Category: Clinical Pharmacology
Purpose: Phase I drug development for oncology compounds is traditionally conducted directly in patient populations. Oncology molecules have historically been cytotoxic, meaning their safety and risk:benefit profile makes them unviable for dosing in healthy subjects. While this ensures reduced nonclinical requirements, rapid access to patient data and an earlier assessment of efficacious potential, it can also present challenges. For example, patients recruited in Phase I trials typically are at end of life care and will be taking multiple co-medications and have multiple co-morbidities (e.g. liver and kidney function may vary greatly among the recruited subjects). Practically, recruiting patients into Phase I studies can also be problematic, requiring multiple clinical sites and protracted recruitment times for what would traditionally be single site, quickly recruited healthy volunteer studies.
In recent years, however, a deeper understanding of cancer aetiology has improved the drug target specificity of oncology compounds and led to the genesis of molecular targeted agents (MTAs), with a more favorable safety profile than traditional chemotherapy molecules, creating potential to dose safely in healthy volunteers. To determine if a MTA is a candidate for this pathway to accelerated development, investigators must consider its mutagenic, teratogenic and cytotoxic potential, along with its overall toxicity potential.
Oncology drug development therefore now has the potential to use healthy volunteers in Phase I trials to address some of the disadvantages of patients. Published data on clinicaltrials.gov indicates that a wide range of clinical pharmacology study types have recently been performed in health volunteer populations (Figure 1). This poster describes two case studies of a first in human (FIH) and relative bioavailability study, demonstrating how oncology compounds can successfully be transitioned into healthy volunteers and the concomitant drug development benefits.
Methods: Case study 1: A first in human study to assess the safety, tolerability, pharmacokinetics and pharmacodynamics of oral ME-401 a Pi3K δ110 inhibitor. This FIH study used a leapfrog SAD design as an efficient use of subjects, and assessed inhibition of basophil activation to demonstrate proof of pharmacological effect (PoPE). Another feature of this study was to allow assessments of the relative bioavailability of alternative formulations to optimize exposure .
Case study 2: A five period sequential study to assess the relative bioavailability of 3 novel hydrobromide (HBr) salt formulations of oral CO-1686, an epidermal growth factor (EGF) inhibitor, versus the reference freebase (FB) formulation. Phase I studies had identified that the FB form exhibited non-linear systemic exposure and variable pharmacokinetics. A HBr salt form was identified to improve exposure. An integrated program design allowed real-time adjustment of tablet dose strength in response to emerging clinical data prior to subsequent dosing periods .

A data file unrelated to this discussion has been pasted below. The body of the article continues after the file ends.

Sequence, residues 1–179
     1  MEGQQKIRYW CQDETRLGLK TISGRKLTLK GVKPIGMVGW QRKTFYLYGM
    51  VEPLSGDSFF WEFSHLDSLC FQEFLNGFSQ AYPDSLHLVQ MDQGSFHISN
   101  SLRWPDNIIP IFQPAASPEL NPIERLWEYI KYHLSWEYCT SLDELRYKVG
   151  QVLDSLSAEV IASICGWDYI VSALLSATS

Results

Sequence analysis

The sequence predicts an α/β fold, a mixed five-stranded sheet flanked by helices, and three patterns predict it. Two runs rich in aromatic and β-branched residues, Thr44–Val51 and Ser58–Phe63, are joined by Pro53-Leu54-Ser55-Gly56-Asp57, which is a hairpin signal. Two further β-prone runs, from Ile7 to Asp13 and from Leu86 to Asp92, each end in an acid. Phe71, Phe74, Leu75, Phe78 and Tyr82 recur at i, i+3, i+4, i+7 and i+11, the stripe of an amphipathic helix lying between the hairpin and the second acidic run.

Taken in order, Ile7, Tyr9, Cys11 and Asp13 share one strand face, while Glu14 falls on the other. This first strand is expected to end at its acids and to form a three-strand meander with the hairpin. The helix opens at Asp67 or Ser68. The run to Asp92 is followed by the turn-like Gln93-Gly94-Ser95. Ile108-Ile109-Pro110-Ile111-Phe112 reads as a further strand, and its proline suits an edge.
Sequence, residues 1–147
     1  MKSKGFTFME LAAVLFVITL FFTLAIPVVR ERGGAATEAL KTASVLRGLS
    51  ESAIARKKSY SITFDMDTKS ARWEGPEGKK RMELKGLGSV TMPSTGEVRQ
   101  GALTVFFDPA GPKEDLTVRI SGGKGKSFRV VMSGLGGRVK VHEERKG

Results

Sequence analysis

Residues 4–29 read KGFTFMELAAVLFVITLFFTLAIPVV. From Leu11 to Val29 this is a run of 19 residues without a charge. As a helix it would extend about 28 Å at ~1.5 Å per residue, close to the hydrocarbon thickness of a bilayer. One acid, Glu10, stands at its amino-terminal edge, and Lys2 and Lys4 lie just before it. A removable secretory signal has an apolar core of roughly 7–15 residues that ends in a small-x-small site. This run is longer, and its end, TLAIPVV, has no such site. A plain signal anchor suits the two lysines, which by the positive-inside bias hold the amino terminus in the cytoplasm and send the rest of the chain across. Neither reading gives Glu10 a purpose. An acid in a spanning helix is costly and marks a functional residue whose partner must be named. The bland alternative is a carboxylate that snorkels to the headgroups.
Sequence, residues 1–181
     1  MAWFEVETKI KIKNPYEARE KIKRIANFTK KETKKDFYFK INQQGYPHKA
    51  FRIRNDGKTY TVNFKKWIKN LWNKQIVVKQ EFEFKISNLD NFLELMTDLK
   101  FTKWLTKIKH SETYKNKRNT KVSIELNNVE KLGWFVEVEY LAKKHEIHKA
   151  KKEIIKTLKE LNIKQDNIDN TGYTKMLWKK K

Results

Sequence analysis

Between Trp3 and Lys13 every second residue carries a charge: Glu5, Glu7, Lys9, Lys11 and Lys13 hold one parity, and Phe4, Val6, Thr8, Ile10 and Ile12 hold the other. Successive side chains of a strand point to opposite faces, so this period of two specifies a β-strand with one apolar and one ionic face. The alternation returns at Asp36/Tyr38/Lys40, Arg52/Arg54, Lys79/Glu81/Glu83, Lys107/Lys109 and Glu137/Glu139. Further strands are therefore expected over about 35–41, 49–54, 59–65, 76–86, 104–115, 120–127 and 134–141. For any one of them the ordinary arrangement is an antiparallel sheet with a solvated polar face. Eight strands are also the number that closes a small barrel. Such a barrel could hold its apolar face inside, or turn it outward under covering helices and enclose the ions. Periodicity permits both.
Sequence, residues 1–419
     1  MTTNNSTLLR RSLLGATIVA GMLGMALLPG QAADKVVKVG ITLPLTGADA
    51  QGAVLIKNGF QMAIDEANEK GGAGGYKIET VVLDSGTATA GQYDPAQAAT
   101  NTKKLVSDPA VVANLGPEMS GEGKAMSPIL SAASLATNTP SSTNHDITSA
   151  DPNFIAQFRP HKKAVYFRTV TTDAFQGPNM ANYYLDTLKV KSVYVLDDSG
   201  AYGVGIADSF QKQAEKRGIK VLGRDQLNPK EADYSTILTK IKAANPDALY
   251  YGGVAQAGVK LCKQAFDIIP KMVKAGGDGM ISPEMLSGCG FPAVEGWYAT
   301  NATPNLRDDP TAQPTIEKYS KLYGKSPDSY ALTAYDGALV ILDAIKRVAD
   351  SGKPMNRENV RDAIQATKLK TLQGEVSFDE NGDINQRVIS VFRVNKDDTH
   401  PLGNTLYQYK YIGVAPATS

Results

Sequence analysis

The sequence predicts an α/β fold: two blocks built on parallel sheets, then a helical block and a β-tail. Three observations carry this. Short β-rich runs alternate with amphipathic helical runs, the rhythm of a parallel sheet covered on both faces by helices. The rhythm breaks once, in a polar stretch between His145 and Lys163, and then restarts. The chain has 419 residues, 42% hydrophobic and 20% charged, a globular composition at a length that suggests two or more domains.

Results: Case study 1: Following single doses of ME-401, no serious or severe adverse events were recorded. Plasma exposure increased linearly up to 60 mg, following which there was supra-proportional increase in exposure. Percentage inhibition of basophil activation was measured at baseline and following single oral dose of MEI-401 (Figure 2). The EC90 was predicted to be achieved following single daily 60 mg doses.
Case study 2: The HBr salt exhibited a twofold increase in relative bioavailability compared to the FB form, as well as a twofold reduction in variability (Figure 3). All formulations of CO-1686 were safe and well tolerated following single oral doses.
Conclusion: Clinicaltrials.gov indicates that FIH and bioavailability studies are the most common trials performed with oncology drugs in healthy volunteers (Figure 1). The case studies described here confirm the benefits achievable from this approach:
Case study 1: Single doses of ME-401 up to 150 mg were safe and well tolerated and generally exhibited linear pharmacokinetics (PK) up to 60 mg. Based on PK and PD data a recommended dose of 60 mg was identified for use in patients trials based on the fitted Emax model , allowing rapid progression with confidence into patient trial, with drug product available for patient trials within 12 months of starting formulation work.
Case study 2: A HBr salt form successfully demonstrated improvements in exposure and variability compared to the FB form, and a formulation suitable for further development was identified . The use of healthy volunteers allowed for rapid formulation assessment and screening, with a suitable formulation identified in less than 5 months.
References:  Safety, Pharmacokinetics, and Pharmacodynamics of ME-401, an Oral, Potent, and Selective Inhibitor of Phosphatidylinositol 3-Kinase P110δ, Following Single Ascending Dose Administration to Healthy Volunteers, Moreno et al. Clinical Therapeutics, 2018
 A Phase I Program to Assess the Pharmacokinetics of a New Salt Form of CO-1686 and Prototype Formulations in Healthy Volunteers, McDermott et al. AAPS, 2015